Feeling relaxed and serene? It can be tempting to extend your soak in your spa.

While hot tub therapy has numerous health benefits. Unfortunately, they can be overshadowed by the risk of dehydration and overheating. That’s only if you stay in too long at a high temperature. Side effects of these can include dizziness and light-headedness, and, in some cases, decreased blood pressure, increased heart rate, and nausea and vomiting. The key to getting the most out of your spa is knowing how long you can safely stay immersed. To help you out, we’ve consulted health care professionals for their best recommendations.

So, next time you take a dip, keep these guidelines in mind:

1. Hot Tub Temperature

If you enjoy soaking at the maximum recommended setting of 104°F, you’re not alone. Many spa users revel in the wonderful benefits that temperature can offer.

If you’re a healthy adult, soaking at 104°F is fine. But your spa time will need to be shorter than someone who chooses to relax in 100 °F water.

Simply limit yourself to 20-minute dips and you’ll be able to reap all of the benefits of hot tub therapy while avoiding any potential health risks.

2. Staying Hydrated in Your Hot Tub

If you’re in the habit of taking a cool glass of water with you to the spa, you’re on the right track.

The perspiration brought on by the heat of your spa depletes your body of the fluid it needs to function well. By sipping water throughout your spa time, you’ll keep your body hydrated and ward off related issues.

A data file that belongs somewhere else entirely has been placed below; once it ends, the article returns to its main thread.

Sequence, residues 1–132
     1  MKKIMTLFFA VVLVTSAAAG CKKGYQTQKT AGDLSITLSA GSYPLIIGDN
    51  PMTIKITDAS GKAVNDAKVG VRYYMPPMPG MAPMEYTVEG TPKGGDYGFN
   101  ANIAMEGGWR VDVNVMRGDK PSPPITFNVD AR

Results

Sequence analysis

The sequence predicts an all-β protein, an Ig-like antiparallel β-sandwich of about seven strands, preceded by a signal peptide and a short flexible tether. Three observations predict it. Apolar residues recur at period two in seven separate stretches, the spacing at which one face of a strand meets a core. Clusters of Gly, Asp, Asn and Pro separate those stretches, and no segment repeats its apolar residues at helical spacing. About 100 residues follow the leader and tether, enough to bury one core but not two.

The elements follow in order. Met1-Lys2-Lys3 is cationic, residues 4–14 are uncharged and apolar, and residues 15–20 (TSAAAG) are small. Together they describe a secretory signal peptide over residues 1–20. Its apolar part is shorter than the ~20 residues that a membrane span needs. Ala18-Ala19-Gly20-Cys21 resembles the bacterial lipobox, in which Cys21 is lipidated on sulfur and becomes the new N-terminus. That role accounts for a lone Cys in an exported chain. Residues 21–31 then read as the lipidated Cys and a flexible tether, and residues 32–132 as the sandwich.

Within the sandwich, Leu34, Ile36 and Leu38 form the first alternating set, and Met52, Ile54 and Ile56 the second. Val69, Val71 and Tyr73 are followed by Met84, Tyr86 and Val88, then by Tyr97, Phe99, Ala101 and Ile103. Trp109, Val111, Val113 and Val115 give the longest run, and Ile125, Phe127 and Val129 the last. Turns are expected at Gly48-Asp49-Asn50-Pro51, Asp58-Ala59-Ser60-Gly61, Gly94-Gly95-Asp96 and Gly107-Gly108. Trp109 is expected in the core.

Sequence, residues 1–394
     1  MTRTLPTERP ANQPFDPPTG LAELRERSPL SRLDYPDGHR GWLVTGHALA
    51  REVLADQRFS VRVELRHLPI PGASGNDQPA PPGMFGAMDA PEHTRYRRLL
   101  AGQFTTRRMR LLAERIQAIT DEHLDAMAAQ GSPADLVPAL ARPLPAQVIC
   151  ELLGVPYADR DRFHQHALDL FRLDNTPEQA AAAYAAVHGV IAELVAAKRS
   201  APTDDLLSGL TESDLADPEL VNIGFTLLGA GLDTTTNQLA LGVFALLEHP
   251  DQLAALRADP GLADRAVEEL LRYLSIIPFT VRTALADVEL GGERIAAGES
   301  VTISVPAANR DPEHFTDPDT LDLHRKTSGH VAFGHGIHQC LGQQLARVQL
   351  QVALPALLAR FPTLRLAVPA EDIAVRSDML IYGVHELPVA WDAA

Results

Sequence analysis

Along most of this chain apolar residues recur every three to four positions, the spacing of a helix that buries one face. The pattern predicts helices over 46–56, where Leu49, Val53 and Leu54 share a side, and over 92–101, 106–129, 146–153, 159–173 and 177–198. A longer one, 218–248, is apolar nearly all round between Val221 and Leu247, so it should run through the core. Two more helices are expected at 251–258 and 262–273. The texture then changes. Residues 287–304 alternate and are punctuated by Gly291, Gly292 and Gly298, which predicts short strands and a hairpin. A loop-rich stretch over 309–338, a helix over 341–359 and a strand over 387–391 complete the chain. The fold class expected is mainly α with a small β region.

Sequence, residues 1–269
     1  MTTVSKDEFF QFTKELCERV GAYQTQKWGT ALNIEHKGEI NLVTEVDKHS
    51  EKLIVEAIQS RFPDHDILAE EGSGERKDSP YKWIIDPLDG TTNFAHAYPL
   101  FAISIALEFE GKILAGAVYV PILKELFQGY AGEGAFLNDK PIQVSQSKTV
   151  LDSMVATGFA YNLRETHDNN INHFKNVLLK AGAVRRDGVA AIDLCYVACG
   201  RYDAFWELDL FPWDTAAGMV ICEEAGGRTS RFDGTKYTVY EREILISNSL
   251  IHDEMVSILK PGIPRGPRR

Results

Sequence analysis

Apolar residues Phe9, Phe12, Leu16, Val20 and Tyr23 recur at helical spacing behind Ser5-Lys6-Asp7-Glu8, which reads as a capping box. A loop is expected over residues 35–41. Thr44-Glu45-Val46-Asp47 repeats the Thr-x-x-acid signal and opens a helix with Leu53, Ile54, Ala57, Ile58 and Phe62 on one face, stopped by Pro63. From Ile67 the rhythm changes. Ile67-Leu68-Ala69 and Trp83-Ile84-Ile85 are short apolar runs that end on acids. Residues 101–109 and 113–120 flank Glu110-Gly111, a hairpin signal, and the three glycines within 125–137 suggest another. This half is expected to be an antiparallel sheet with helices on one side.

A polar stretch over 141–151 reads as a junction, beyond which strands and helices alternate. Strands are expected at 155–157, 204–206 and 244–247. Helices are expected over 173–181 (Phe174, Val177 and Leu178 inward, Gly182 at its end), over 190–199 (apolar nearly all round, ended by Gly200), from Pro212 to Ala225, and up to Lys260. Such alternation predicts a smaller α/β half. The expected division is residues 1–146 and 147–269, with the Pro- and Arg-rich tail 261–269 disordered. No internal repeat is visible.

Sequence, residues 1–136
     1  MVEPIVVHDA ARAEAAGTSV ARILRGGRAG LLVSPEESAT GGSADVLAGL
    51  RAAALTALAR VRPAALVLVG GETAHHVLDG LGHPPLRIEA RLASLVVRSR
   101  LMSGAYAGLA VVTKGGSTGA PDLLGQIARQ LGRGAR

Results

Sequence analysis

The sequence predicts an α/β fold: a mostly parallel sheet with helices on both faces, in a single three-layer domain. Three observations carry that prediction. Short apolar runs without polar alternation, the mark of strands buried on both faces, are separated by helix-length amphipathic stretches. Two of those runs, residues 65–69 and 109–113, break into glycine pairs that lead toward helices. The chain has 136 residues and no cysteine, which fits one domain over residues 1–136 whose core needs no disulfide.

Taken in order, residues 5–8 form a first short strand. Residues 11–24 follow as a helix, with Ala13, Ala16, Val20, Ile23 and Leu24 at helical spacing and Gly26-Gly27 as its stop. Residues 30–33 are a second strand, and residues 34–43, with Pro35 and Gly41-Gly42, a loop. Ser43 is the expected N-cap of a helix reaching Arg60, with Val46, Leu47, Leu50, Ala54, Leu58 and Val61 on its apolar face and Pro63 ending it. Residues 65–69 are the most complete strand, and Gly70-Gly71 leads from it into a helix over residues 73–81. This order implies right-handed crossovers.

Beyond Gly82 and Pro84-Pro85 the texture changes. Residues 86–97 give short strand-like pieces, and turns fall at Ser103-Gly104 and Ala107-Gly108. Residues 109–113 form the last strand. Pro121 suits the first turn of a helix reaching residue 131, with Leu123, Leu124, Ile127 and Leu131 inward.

Bonus tip: No matter how tempting it is to take a cold beer or glass of wine out to the hot tub, it’s not a good idea. Alcohol speeds dehydration and can end up making you feel sick. Plain or flavored water is your best bet.

3. Mom-to-Be Safety

The idea of soaking in the hot tub for an hour or two may sound incredibly inviting when you’re suffering from backaches and sore feet. The buoyancy of the water can even take the stress off of your joints, offering your body increased support.

As wonderful as all of this sounds, staying safe is much more important. And that means keeping the water at 101 °F or less and remaining in the spa for only 10 minutes at a time.

4. Your Health

If you have high blood pressure, heart disease, diabetes, circulatory problems or use anticoagulant medication, it’s imperative that you consult with your physician before using your spa. He or she may have recommendations on what temperature and soak duration will best benefit you.

5. How Old You Are

If you’re a healthy non- pregnant adult, it’s safe to use your spa at 102°F for as long as you feel comfortable. If you’re a senior, this might work for you too, but you should ask your doctor as a safety measure. He or she will be able to give you a recommendation on the temperature and duration of use.

Children 12 and under, however, should not use a hot tub unless it’s water has been turned down to a maximum of 98°F. Children don’t have the same ability to sweat as teens and adults, meaning it is far easier for them to overheat. Another way to keep kids safe is to permit partial immersion on your hot tub’s bench or jump seat.

Mountain Leisure Hot Tubs

Great quality hot tubs aren’t hard to find at Mountain Leisure Hot Tubs. From used hot tubs to refurbished spas and brand new hot tubs for sale, we have a wide range of sizes and styles to meet your needs and budget. Drop into our Arden showroom and talk to one of our experts or check out the pre-owned hot tubs for sale. We’ll help you find the spa that’s right for you.